Since starting my preparation for our current sermon series, I have really started to notice how so many of our struggles in life come down to one simple thing. So, read on if you want to know the one thing behind all your problems!
The simplest way to say what I have been studying is to say that I have been studying the differences between individualist cultures (like ours) and collectivist cultures (like those found in Korea, Russia, or the Middle East during the time of Jesus). Individualist cultures teach us that the most important things are our individual freedoms, our rights, and our ability to do whatever we wish or dream. American culture and the American Dream are built upon individualist principles and values. Conversely, collectivist cultures teach that the most important things are unity and community solidarity. In collectivist cultures individual needs take a back seat to the greater needs of our extended family (which they don't even see as extended), our community, and the honor of all these groups of which I am merely one part. Collectivist cultures do not esteem individual stand-outs.
As I studied this, it caused me to see that so much of who we are and how we see the world revolves around our balance of these two things. The reality is that no culture is purely individualist or solely collectivist. We all exist on a spectrum. Each one of us lands on this spectrum and then weighs our options based on where we land.
For example, I came out to the shame of my family and to the sacrifice of my community. Coming out, for me, then required a decidedly individualist stance. I had to do this for myself. If I were a person with more collectivist values, I might have stayed in the closet to avoid bringing shame on my family or being cast out of my community.
I have read many opinions lately about gun violence and gun control, and I see in these debates the same spectrum of individualist vs. collectivist. The individualist says, "No, you won't and can't take away my gun." The individualist focuses on the individual's right to live in the way they wish. They approach this with the same kind of values that led me to come out of the closet. "It was my right."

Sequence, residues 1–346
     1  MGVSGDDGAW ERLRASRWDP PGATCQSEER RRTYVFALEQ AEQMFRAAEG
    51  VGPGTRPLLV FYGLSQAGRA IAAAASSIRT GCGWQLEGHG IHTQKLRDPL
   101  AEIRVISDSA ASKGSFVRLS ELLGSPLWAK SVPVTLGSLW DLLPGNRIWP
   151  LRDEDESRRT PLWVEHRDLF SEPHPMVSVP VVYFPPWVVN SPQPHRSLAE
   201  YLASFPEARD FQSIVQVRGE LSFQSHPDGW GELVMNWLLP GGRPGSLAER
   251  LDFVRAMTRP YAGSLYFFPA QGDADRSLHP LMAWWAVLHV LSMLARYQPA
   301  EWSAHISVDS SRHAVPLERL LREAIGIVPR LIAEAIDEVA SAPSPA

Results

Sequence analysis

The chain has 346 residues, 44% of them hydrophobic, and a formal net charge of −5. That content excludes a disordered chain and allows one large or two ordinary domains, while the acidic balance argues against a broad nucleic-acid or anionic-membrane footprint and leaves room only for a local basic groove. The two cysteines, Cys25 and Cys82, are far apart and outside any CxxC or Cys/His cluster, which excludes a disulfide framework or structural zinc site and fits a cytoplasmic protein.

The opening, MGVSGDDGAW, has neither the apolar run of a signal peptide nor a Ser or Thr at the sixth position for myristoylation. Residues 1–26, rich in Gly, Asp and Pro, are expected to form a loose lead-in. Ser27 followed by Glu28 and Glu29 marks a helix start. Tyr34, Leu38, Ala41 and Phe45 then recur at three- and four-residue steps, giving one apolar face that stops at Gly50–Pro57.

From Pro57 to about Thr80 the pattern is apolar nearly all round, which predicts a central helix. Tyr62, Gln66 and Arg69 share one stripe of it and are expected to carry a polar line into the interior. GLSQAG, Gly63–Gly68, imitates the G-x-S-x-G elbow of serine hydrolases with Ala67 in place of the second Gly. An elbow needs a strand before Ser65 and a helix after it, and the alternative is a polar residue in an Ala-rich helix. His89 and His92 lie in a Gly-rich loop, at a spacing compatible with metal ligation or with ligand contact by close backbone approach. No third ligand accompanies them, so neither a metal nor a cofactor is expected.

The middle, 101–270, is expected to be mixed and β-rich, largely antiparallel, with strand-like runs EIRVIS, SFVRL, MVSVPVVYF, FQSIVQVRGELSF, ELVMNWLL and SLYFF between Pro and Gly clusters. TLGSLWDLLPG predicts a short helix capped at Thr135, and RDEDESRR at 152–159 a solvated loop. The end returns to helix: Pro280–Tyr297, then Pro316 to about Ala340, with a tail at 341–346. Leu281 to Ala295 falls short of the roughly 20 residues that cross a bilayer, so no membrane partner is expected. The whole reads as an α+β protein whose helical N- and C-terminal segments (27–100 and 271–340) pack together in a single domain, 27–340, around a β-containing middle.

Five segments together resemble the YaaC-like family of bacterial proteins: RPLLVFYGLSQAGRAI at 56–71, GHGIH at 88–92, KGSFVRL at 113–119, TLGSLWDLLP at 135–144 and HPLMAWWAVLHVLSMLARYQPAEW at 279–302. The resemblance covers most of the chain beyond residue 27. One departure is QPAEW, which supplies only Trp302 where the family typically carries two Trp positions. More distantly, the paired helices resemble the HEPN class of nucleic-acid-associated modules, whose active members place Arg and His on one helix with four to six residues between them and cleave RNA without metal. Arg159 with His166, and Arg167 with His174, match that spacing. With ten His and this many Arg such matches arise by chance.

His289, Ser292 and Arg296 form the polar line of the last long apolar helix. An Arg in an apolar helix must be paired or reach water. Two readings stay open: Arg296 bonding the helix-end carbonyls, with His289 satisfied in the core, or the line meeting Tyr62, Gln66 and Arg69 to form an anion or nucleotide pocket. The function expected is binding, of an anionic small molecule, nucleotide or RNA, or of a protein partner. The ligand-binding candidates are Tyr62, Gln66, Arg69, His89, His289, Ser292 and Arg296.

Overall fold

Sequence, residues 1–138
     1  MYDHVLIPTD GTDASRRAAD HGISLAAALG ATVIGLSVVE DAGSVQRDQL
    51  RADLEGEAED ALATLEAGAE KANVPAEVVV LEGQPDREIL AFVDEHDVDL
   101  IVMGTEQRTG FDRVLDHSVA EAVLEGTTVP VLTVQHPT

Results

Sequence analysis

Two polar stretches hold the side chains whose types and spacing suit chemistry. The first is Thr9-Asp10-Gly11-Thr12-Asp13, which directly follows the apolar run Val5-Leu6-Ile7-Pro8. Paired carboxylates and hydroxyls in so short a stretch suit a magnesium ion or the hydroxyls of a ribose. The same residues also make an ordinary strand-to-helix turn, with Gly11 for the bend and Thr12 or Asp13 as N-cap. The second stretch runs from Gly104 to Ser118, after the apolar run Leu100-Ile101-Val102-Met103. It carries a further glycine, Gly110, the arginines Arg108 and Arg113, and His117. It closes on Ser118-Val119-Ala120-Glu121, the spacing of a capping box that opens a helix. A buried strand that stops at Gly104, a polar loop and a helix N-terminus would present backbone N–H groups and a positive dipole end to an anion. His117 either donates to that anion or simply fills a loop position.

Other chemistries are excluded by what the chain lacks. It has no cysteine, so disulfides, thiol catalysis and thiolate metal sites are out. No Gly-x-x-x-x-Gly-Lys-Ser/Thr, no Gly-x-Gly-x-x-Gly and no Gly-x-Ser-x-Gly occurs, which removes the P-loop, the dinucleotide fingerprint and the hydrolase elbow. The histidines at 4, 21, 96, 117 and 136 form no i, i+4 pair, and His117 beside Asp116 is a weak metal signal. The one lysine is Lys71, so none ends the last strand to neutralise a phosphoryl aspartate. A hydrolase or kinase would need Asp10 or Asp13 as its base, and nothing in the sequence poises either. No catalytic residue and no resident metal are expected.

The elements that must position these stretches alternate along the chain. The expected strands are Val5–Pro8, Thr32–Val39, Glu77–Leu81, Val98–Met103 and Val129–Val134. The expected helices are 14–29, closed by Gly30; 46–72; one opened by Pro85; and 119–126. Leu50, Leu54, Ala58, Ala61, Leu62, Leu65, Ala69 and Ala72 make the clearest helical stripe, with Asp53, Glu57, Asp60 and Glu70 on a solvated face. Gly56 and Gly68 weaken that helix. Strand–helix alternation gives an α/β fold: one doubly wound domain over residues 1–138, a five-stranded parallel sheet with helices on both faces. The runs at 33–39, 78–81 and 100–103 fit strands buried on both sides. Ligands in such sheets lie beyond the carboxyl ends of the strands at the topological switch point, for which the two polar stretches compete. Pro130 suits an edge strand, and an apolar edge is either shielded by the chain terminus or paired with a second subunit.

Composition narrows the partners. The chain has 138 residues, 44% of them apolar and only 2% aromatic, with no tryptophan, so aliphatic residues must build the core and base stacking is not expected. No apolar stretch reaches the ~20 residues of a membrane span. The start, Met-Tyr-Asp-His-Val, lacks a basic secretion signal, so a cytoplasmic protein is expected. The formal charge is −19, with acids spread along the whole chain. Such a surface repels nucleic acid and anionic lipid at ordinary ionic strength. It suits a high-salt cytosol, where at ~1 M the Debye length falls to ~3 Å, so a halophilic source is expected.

On the other hand, the collectivist perspective says, "We cannot allow our children to continue to be subjected to gun violence." As the collectivist says this, they are not necessarily even speaking of their biological children. They are speaking about "their children" in a much broader sense, meaning any of the kids in my community. We can see in this statement the collectivist view of the the extended family and the community being the greatest values that must be protected.
Hopefully with just these two examples (my coming out and gun control) you can see that at the heart of most of the questions and challenges in our lives there is this "decision kernel" that forces us to prioritize either the self or the community. At the heart of each decision we make, we must first decide to move up or down on the spectrum of the individualist vs. the collectivist.
Knowing this doesn't always make the decision easier because some decisions require us to land on the individualist side of things and some on the collectivist side of things. Still, I share this with you to encourage you to think about the matters that are on your heart and ask which is needed in this situation today? Jesus lived in a collectivist culture and often challenged them to be a bit more individualist. We live in an individualist culture. My guess is that he would challenge us to be a bit more collectivist.
May the God of all peoples and cultures bless you as you consider the nature of the responses that are needed from you in the decisions that lie before you today.